Friday, September 25, 2020

Palestinian Voices & Peter Beinart's Dramatic Change of Heart

Reprinted with permission; originally published for MennoPIN (Mennonite Palestine Israel Network) August 2020 email update; see website:

 Mennopin’s annexation coverage in the August 2020 email update includes writings from three Palestinian voices from today and one significant American Jewish voice who just changed his mind.

  Jonathan Kuttab – An Analysis 

 “There has been a huge fervor over the threat of Netanyahu to annex portions of the West Bank…The outcry [in response]…hides the fact that a creeping form of annexation has been taking place the last 50 years…It is valuable…to remember why annexation is so roundly condemned…First, the entire fabric of international law and stability requires that…boundaries be respected and should not be altered unilaterally…Second…is that it puts the last nail in the coffin of a two-state solution based on the 1967 borders…What most people miss is that Israel was perfectly happy to carry out its settlement and annexation activities as long as the world limited its response to verbal disapproval and did not take concrete steps to sanction it for these activities…It is therefore more important than ever that those of us who care about international law and the prospect of peace find ways to make our position known not by empty toothless proclamations and resolutions, but by seeking to make Israel to pay a price for its settlement and annexation activities. Where governments fail to take such actions, then we must turn to civil society activities like those proposed by the Boycott, Divestment and Sanctions Movement (BDS).” 

  Jonathan Kuttab is on the MennoPIN Steering Committee.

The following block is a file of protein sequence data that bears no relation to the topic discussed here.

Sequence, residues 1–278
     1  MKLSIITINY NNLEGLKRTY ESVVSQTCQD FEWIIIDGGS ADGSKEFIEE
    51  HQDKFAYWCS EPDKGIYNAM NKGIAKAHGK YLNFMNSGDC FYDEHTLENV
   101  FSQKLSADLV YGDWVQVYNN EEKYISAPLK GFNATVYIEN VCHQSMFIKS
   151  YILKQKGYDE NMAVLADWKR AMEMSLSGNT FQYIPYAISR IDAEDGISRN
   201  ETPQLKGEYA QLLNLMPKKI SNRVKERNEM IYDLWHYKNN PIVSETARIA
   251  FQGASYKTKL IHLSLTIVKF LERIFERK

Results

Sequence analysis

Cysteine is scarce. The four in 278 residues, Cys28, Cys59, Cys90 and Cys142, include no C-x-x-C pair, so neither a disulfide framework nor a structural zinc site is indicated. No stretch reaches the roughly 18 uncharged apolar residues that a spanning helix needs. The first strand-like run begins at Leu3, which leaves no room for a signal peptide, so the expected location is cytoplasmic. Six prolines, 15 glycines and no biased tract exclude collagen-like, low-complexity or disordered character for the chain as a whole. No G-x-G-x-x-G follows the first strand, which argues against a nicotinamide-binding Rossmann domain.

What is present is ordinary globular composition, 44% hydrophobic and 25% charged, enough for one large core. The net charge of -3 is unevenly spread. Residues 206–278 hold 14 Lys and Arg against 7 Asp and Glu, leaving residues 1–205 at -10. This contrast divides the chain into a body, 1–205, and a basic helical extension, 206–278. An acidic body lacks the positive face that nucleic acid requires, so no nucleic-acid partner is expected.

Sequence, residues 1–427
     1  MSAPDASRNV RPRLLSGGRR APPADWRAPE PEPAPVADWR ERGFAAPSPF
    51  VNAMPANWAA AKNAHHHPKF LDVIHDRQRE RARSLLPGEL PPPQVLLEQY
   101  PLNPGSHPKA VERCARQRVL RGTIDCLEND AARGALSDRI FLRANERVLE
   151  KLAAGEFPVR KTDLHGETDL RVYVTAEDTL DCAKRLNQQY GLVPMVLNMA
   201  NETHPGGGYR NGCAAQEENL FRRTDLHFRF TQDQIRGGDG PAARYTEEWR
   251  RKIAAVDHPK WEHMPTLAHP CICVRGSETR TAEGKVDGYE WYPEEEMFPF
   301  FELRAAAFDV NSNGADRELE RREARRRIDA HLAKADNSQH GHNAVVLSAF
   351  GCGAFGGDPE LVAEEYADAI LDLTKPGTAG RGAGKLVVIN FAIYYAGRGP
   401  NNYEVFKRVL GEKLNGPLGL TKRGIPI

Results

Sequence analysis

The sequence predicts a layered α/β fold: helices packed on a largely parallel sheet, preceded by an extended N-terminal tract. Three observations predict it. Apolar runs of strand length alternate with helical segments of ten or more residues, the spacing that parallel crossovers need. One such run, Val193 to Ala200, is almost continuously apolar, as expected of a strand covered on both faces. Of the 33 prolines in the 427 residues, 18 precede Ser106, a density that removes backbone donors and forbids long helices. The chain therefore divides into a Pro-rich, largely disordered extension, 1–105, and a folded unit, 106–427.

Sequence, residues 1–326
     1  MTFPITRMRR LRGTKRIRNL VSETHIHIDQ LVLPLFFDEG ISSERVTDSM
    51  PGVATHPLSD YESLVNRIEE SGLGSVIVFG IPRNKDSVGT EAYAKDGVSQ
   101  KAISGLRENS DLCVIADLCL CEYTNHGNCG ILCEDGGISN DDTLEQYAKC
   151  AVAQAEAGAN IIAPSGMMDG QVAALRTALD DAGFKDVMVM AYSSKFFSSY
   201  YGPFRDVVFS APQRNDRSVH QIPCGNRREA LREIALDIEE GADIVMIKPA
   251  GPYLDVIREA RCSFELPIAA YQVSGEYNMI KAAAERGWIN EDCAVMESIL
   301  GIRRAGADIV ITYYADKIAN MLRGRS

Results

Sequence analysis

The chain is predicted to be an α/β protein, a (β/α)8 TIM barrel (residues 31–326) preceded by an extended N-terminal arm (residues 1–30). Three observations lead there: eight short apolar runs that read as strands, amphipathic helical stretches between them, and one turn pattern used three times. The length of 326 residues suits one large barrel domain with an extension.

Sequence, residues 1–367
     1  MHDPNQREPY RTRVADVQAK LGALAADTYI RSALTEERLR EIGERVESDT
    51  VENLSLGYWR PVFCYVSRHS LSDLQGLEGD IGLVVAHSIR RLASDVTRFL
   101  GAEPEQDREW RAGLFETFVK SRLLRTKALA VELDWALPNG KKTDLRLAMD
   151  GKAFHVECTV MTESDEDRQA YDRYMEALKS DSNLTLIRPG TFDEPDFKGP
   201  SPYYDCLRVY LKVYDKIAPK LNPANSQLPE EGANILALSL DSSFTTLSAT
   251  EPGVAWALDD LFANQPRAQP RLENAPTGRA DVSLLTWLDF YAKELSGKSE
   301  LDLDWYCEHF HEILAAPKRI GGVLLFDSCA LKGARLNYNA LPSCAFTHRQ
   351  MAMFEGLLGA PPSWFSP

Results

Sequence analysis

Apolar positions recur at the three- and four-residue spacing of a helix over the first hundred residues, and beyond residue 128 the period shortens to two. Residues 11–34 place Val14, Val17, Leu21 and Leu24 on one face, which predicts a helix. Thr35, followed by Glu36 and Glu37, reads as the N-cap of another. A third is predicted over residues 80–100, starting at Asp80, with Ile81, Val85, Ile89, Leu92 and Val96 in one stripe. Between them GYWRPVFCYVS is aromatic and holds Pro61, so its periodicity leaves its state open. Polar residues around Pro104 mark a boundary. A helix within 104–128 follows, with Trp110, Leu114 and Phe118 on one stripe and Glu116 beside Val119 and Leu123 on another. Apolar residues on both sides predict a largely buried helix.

Yousef Al Khouri (Bethlehem Bible College) – The Sin of Annexation

“The Israeli government and its allies continue their plan to erase the Palestinian historical presence in the land of Palestine…The Christian biblical way to describe the plan is SIN…The Kairos Palestine Document, ‘Moment of Truth,’ states clearly that the occupation is a sin against God and humanity…Stealing of the Palestinian land from its indigenous people is an explicit breaking of God’s commandments to his people and the church…The coming of God’s Kingdom…is based on justice, peace, love and coexistence…The church…has the responsibility to be the prophetic voice of the Kingdom that speaks against the sin of occupation and annexation of the Palestinian people.”

Yousef Al Khouri is a professor at Bethlehem Bible College and wrote this in an email he sent out to many people. 

An Open Letter from Christian Clergy from Bethlehem

“We are writing this letter in our capacity as spiritual leaders of various Christian communities in the Bethlehem area. The Israeli government is planning to annex more occupied Palestinian land….For…Bethlehem…the process of annexation will be particularly catastrophic…Soon after the occupation of 1967 Israel annexed over 20,000 dunums of land in the northern part of Bethlehem, Beit Jala and Beit Sahour for construction of illegal settlements…One of the only areas left…for agriculture and simply for families to enjoy nature are the valleys of Cremisan and Makhrour, both located to the west of our urban areas and are under the current threat of annexation by Israeli authorities…Our biggest concern is that the annexation of those areas will push more people to emigrate. Bethlehem, surrounded by walls and settlements, already feels like an open prison. Annexation means the prison becomes even smaller, with no hopes for a better future…This is land theft.”